Electricity Markets

FERC accepts storage order filings made by CAISO, MISO and ISO-NE

The Federal Energy Regulatory Commission recently accepted the majority of tariff revisions proposed by the Midcontinent Independent System Operator (MISO), the California Independent System Operator (CAISO) and ISO New England (ISO-NE) in response to FERC’s Order No. 841.

In that order, FERC adopted rules aimed at removing barriers to the participation of energy storage resources (ESRs) in wholesale power markets operated by regional transmission organizations and independent system operators.

The filings by the three grid operators responded to FERC Order No. 841. Issued in February 2018, Order No. 841 addresses the participation of electric storage resources in the organized wholesale capacity, energy and ancillary service markets to more effectively integrate ESRs, enhance competition and help ensure that those markets produce just and reasonable rates.

MISO, CAISO and ISO-NE submitted their compliance filings at FERC on Dec. 3, 2018.

Details on grid operator filings

ISO-NE’s compliance filing was comprised of three distinct sets of rules that, taken together, demonstrate its compliance with Order No. 841, it told FERC (Docket Nos. ER19-470-000, ER19-470-001, ER19-470-002).

The compliance filing referenced existing, long-standing tariff provisions which remain unchanged by the compliance filing.  The filing also referenced the large number of market rule revisions to accommodate ESR market participation that ISO-NE and NEPOOL jointly filed pursuant to Federal Power Act section 205 on October 10, 2018, and the Commission accepted on February 25, 2019.  ISO-NE’s December 2018 compliance filing also included limited additional tariff revisions needed for full compliance with Order No. 841.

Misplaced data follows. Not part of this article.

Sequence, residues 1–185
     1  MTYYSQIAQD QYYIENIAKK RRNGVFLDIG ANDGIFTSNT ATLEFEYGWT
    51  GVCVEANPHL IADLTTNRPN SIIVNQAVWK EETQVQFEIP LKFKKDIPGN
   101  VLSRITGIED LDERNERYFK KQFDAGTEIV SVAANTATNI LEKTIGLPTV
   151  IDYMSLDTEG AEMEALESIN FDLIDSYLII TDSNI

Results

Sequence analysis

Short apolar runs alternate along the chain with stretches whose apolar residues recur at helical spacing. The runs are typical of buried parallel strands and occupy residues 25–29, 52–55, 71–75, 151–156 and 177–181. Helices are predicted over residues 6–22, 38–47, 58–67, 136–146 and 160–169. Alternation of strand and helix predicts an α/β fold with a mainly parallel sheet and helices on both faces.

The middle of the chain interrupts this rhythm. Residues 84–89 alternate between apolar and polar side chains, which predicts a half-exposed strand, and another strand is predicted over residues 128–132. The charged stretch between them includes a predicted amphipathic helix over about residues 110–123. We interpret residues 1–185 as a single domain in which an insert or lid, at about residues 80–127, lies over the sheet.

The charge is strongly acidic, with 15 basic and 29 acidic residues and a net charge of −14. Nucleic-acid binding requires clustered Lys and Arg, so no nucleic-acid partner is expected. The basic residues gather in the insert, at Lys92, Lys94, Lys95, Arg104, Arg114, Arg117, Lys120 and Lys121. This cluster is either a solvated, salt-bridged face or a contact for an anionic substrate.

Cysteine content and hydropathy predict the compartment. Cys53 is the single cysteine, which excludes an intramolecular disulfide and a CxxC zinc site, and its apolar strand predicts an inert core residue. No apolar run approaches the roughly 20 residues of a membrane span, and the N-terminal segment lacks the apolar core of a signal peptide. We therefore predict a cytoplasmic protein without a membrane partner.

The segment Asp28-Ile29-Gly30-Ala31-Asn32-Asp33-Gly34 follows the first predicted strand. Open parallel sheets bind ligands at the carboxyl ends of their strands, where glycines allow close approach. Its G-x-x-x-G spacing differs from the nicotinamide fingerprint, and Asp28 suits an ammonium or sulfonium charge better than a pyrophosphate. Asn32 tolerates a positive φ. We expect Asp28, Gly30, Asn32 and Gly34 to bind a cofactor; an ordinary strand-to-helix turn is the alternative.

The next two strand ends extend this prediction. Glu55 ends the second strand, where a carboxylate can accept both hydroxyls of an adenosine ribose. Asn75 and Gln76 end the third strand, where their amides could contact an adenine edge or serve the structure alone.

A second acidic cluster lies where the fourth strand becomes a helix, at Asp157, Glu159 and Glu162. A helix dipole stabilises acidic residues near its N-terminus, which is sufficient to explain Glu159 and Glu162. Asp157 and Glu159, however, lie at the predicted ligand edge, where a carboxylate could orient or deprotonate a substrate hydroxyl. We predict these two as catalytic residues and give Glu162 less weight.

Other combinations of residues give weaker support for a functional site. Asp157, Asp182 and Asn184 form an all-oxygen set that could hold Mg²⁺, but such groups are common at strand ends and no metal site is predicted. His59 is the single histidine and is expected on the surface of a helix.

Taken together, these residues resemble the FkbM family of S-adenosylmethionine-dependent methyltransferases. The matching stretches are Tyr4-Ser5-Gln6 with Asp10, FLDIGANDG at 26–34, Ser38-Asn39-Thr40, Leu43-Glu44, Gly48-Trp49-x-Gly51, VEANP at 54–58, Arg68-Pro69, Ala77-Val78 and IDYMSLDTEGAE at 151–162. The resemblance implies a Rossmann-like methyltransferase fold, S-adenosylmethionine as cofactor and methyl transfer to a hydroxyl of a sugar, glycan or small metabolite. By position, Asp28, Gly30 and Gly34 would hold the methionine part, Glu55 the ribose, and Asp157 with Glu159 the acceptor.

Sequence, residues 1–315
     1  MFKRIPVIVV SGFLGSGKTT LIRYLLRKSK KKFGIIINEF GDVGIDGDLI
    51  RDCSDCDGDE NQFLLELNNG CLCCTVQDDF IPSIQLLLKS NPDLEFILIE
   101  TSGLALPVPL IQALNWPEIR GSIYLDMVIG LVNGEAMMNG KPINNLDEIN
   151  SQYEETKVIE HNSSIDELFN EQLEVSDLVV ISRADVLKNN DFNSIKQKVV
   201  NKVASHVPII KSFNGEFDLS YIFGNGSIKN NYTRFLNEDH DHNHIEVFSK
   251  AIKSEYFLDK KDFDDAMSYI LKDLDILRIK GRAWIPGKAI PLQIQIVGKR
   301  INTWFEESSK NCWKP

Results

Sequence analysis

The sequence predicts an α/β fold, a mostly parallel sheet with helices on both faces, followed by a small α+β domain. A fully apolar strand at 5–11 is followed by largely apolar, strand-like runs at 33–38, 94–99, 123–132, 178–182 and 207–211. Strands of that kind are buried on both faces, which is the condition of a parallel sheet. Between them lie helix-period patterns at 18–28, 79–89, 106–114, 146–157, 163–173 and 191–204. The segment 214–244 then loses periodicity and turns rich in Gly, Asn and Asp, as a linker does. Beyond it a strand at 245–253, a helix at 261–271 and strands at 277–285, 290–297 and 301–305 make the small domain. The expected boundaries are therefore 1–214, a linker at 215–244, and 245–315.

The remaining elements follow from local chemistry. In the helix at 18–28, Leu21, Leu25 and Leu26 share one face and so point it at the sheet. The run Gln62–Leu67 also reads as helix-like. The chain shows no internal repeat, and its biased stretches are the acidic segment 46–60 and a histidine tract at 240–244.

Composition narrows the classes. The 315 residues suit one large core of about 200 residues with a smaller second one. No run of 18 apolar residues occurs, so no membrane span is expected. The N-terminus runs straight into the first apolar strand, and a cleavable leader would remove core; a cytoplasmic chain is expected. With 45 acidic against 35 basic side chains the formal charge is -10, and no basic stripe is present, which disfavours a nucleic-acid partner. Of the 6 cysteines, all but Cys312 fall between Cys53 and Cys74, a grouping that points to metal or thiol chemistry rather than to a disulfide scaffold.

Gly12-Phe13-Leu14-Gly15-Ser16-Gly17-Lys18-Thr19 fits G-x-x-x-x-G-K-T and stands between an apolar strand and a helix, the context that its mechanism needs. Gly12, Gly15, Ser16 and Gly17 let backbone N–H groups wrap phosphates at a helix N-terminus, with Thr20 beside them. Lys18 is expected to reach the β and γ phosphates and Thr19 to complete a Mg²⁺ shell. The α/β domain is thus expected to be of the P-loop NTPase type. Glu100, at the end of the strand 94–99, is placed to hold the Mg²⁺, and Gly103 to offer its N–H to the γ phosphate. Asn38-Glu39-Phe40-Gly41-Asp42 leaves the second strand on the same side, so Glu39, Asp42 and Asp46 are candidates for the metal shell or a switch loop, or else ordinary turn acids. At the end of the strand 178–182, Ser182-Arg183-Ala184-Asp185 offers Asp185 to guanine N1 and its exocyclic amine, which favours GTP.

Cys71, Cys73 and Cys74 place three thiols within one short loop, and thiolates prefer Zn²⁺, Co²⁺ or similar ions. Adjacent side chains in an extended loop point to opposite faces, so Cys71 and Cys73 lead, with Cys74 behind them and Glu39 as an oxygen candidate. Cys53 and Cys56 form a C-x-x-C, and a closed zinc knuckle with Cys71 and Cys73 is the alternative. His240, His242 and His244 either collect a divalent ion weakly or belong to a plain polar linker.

For its part, CAISO asserted that it had already implemented the vast majority of the mandates in Order No. 841. Because of this, CAISO explained that its compliance filing describes how its existing tariff complies with Order No. 841 and, where it does not already comply, describes how it proposes in the compliance filing to revise its tariff to comply (Docket Nos. ER19-468-000 ER19-468-001).

In its compliance filing, MISO noted that it had revised Module A of its tariff to include the required definition of ESRs. MISO said the proposed ESR definition “contains all required elements specified in Order No. 841, and is supplemented by key features of MISO’s proposed implementation of ESR market participation model” (Docket Nos. ER19-465-000 ER19-465-001).

MISO also proposed the term “Electric Storage Resource Transaction.” The grid operator defined this term as market activities associated with an ESR’s charging and discharging process, consisting of the withdrawal of energy, including any associated energy purchases, from the transmission system, and the future injection of energy, including any associated energy sales, to the transmission system under MISO’s tariff.

MISO also made additional proposals in its compliance filing.

FERC directs further compliance filings

At its Nov. 21 open meeting, FERC directed further compliance filings on a few of the tariff provisions submitted by the three grid operators, including those subjecting storage to transmission charges, allowing storage participation in both retail and wholesale markets and avoiding duplicative retail and wholesale billing.